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Airborne technology brings new hope to map shallow aquifers in Earth's most arid deserts

  • Airborne technology brings new hope to map shallow aquifers in Earth's most arid deserts
  • Airborne-sounding radars can perform comprehensive mapping within a few hours compared to existing in-situ methods that would take a few years.

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USC University of Southern California
The University of Southern California is one of the world’s leading private research universities. An anchor institution in Los Angeles, a global center for arts, technology and international business.

Water shortages are expanding across the Earth. This is particularly acute in desert areas of the Middle East that are subject to both drought and extreme conditions such as flooding. As a result of these uncertainties, there is an increasing reliance on shallow aquifers to mitigate these shortages. However, the characteristics of these aquifers remain poorly understood due to the reliance on sporadic well logs for their management.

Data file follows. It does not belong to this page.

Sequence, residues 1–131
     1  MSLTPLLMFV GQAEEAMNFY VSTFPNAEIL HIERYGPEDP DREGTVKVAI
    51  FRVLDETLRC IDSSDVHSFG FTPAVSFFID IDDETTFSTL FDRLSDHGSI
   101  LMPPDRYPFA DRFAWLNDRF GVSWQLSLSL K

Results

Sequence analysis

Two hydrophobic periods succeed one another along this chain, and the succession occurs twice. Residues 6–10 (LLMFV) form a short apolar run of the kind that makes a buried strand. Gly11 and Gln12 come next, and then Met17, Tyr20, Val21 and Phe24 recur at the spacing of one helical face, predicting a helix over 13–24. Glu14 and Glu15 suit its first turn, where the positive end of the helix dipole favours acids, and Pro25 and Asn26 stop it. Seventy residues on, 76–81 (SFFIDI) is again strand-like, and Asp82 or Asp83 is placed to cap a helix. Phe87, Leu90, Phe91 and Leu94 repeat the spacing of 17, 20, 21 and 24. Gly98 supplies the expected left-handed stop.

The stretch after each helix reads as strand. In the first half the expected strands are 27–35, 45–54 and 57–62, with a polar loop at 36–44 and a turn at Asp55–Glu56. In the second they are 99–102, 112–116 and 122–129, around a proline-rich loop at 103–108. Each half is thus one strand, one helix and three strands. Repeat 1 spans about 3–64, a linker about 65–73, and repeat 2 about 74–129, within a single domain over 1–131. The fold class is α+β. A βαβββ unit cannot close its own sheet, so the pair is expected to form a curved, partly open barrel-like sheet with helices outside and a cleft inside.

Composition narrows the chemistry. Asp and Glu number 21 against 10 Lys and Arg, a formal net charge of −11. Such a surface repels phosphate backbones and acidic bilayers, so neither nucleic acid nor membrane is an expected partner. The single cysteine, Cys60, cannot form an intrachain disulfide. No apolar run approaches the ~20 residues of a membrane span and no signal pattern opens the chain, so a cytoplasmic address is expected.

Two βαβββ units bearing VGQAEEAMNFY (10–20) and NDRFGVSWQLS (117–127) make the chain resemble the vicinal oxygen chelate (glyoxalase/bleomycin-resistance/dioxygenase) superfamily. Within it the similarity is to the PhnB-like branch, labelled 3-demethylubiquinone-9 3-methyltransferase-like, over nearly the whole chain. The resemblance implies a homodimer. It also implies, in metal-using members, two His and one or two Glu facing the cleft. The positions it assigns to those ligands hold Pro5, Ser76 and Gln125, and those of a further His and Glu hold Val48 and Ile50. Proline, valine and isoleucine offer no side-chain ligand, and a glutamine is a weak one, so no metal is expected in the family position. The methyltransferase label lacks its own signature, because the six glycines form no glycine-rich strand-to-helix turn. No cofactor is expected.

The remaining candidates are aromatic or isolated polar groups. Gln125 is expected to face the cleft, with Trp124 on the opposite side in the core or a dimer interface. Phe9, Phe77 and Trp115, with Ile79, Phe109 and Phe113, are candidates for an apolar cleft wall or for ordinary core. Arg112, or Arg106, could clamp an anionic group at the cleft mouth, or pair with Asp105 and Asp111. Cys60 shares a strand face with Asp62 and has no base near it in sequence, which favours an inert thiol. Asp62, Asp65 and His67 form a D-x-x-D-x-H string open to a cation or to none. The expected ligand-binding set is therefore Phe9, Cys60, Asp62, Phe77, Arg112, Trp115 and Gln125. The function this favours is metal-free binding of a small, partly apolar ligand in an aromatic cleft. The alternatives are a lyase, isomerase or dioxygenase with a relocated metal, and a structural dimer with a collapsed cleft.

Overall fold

To address this challenge a team of researchers at the USC Viterbi School of Engineering Ming Hsieh Department of Electrical and Computer Engineering along with collaborators at Metric Systems Corporation, Caltech, Institute of Flight System Dynamics at the Technical University of Munich, the Department of Electrical Engineering at Qatar University, the Qatar Environment and Energy Research Institute at Hamad Bin Khalifa University, Bin Omran Trading & Telecommunications, the Earth and Life Institute at Catholic University of Louvain, the Department of Civil and Environmental Engineering at University of Hawai’i at Manoa, and The Aerospace Corporation, developed a new prototype for what the team is calling an  “Airborne Sounding Radar for Desert Subsurface Exploration of Aquifers,” nicknamed “Desert-SEA.” The new technique will map the top of the aquifer, called the “water table,” spanning areas as large as hundreds of kilometers using a radar mounted on a high-altitude aircraft. According to the researchers, Desert-SEA will measure, for the first time, the variabilities in the depth of the water table on a large scale, allowing water scientists to assess the sustainability of these aquifers without the limitations associated with in-situ mapping in harsh and inaccessible environments.